Then in two days I read a nice, neat, normal murder mystery by Robert Dugoni titled My Sister’s Grave. Well, it wasn’t “nice” exactly ~ made me cry a little. Good book. Significant flashback sections, but after the fake math stuffs? Totes fine.

Point being, with unlimited time I would read every book, see every movie, give each tune a listen that friends slap up on FB. But time is running out. Well, not time precisely. It’s not doing anything. But I’m finite. I don’t want to waste another 3 weeks immersed in a boring father/son angst marathon only to discover there’s no such thing as the Malosz conjecture. Break my heart! Never trust a writer.

~*~

The Daily Prompt: Restart

Fuzzy Atheism

Prism

Ten years ago today I wrote a woo poast in my secret blog, the one I was keeping while my mom died of cancer. I’ve never been a super duper militant atheist like some, maybe because I wasn’t rebelling against anything at home. I simply didn’t  believe, that’s all. My nonbelief was never a huge deal to me, or to my parents, though I realized early on it was shocking to others, especially when we moved to the midwest in the 1970s. So, I mostly kept quiet about it. Back then, you didn’t blast your personal beliefs all over town as you do now. No Facebook, blogs, instagram, Twitter, etc.

There have been many times my lack of belief gets fuzzy. I want to believe, like other people do. It seems to be so comforting. Why shouldn’t there be more? A greater thing, a purpose. Why do connections have to end with death? Why can’t we be with our loved ones again in some way? That all sounds good. Sometimes it sounds too good, especially when I’m sad, and I start to imagine it could possibly, maybe, be true, somehow. Well, why not?

Ten years ago today I wrote that my ex-husband and I had worked everything out and were getting along better than ever. I called him my “soul mate” in that blog poast. But we split up about a year and a half later. I also wrote about the hallucination I had of an angel when I was sick with a very high fever in 1996. And finally I wrote of an earlier time when I was depressed and asked for a sign that things would improve, closed my eyes, and opened them to see rainbows in the room. They were prisms from the sunlight hitting my glass animals at certain angles.

Maybe I was trying to cobble together bits of evidence for some sort of belief-cake, idk. I’d have to read more entries ~ and it’s possible I dropped the topic altogether. I’m not re-reading every entry of the death diary now, not that there are so many. I may at some point, or not; they aren’t going anywhere. I’m busy lately with various projects and have finally stopped forcing myself to do things in my free time that make me unhappy. Happiness is a choice, as “they” always tell us.

I do enjoy keeping up this blog, though lately rather sporadically. Thank you for reading!

Countdown of a Sort

Cupcake

Today is 10 years exactly since my mother told us of her pancreatic cancer diagnosis. Shortly thereafter I began the private blog, where some of you listened while I poured out my feelings. Thank you for that once again. It was a little over four months between her diagnosis and her death, less than “average,” so every day between now and April 13, 2018 will be a 10th anniversary of a day of mourning.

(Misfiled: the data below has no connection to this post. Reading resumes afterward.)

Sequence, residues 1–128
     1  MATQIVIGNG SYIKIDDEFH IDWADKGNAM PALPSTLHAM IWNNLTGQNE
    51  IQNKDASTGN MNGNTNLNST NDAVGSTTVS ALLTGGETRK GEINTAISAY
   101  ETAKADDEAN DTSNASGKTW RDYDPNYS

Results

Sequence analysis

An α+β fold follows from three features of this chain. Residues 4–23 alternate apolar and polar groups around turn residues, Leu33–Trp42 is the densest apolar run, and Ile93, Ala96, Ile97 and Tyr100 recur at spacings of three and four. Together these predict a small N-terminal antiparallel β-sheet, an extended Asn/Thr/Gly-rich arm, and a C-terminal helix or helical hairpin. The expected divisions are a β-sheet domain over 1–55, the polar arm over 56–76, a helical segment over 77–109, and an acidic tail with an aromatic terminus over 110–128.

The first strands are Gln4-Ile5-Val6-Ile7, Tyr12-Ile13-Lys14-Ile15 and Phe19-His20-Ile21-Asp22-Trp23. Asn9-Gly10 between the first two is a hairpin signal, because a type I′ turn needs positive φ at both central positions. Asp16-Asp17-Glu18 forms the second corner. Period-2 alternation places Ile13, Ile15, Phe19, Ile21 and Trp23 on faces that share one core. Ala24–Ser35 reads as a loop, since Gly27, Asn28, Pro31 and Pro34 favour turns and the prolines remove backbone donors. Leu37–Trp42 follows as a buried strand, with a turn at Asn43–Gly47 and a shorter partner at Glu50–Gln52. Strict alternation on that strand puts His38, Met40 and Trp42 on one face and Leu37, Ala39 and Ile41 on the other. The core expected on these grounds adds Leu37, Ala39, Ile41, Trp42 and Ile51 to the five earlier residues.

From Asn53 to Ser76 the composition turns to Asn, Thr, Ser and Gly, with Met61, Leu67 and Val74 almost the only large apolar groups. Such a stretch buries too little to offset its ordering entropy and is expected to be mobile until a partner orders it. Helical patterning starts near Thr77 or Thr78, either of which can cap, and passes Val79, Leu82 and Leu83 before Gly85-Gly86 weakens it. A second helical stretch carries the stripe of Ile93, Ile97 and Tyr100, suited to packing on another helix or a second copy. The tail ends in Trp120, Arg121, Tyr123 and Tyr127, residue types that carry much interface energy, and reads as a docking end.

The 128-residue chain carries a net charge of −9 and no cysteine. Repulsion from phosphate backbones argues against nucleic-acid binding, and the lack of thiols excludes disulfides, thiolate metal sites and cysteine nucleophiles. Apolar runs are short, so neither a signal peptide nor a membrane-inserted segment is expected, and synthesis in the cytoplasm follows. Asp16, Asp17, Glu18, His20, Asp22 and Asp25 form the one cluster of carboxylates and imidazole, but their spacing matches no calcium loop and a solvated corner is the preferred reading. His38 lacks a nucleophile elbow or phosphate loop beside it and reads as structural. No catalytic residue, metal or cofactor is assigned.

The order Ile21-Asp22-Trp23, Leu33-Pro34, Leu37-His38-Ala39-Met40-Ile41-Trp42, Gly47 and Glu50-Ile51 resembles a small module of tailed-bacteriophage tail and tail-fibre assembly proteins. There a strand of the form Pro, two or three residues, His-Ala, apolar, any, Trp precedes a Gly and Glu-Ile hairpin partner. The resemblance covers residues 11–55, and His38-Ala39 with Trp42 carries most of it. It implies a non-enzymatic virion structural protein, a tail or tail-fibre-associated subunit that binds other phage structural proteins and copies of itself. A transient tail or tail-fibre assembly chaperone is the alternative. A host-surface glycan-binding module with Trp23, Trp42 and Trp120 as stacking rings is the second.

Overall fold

In my other blog I see I was angry that day, angry that she tried to be cheerful on the phone when she said she was coming over to talk to us. I knew then. Because if her scan had been fine, she would have said so on the phone. I like remembering this ~ it makes her come alive in my mind. Moms are so annoying! I want to remember her exactly how she was, not in some false idealized way.

Sometimes I feel very insubstantial lately and I have to relocate the essence of myself from wherever I’ve drifted apart and off to while I forgot to pay attention. Part of that process is remembering Mom.

~*~

The Daily Prompt: Relocate

Faint

Universe

Sometimes I hear faint echoes of lives I might have lived, not when summoned, because those are more properly classified as fantasies, but unbidden. Occasionally they’re catalyzed by conversations or actions I observe from others, interactions among couples, or when I run across a career that seems interesting. I could have done anything, but I didn’t. There’s still time, but not much, and I sense the end of it. Numbers have always seemed real not abstract to me and I see my own fading in the near distance. When my time ends, all time ends: the solipsistic universe of me.

~*~

The Daily Prompt: Faint

Believe

Rainbow

I don’t believe in ghosts, but when I couldn’t remember where I was born, my mother whispered the name of the hospital to me one morning while I brushed my teeth. Phillips Memorial. That’s what it sounded like, though it was wrong. Close enough however, so that Phelps came up in a Google search and I was finally able to obtain my birth certificate after all these years. Now I can get a passport. I had photos taken at the drugstore. Without glasses, I look much older and tired. A lot like my mother. I find I don’t mind this.

~*~

The Daily Prompt: Believe

Hard Promises

The first time I heard Tom Petty & the Heartbreakers I was in a car with my boyfriend in 1980. We were in the back and his friend and friend’s girlfriend were in the front. It was the year of Damn the Torpedoes. (Says on Wiki that DTT was released fall of 1979, so that makes sense.) I fell in love with Refugee instantly and couldn’t wait to run right out and buy the album. So many good songs on there. I bought the prior album too and possibly the first one, not sure. Maybe later on a greatest hits I ended up with American Girl and Breakdown. Tom Petty was one artist I bought in vinyl, then again in tape, and finally on CD. Ridiculous, how we did that. But I didn’t do that for everyone!

My favorite Tom Petty album is Hard Promises. Unfortunately, I no longer have it (or any vinyl) and I see via iTunes that I don’t even have a complete list of the songs scattered about. Well! I don’t know how this disaster happened, but it will have to be remedied at once. *puts CD in Amazon cart* Every song on Hard Promises was significant to me in some way in 1981 when I listened repeatedly to the album back in Chicago. I can’t say that 1981 was such a terrible year, since 1982 was worse, and 1983 broke my heart, but maybe I had a premonition or something. I don’t know. I listened to so much music back then, just listened, absorbed. Not like now, where I’m usually doing something else, not focused on music unless I force myself to stop.

Of course I loved some of TP’s later work as well. Learning to Fly. Free Fallin’. I Won’t Back Down. Stop Draggin’ My Heart Around with Stevie Nicks. I didn’t really pay much attention to the Traveling Wilburys, except of course End of the Line was fun to listen to.

RIP. ❤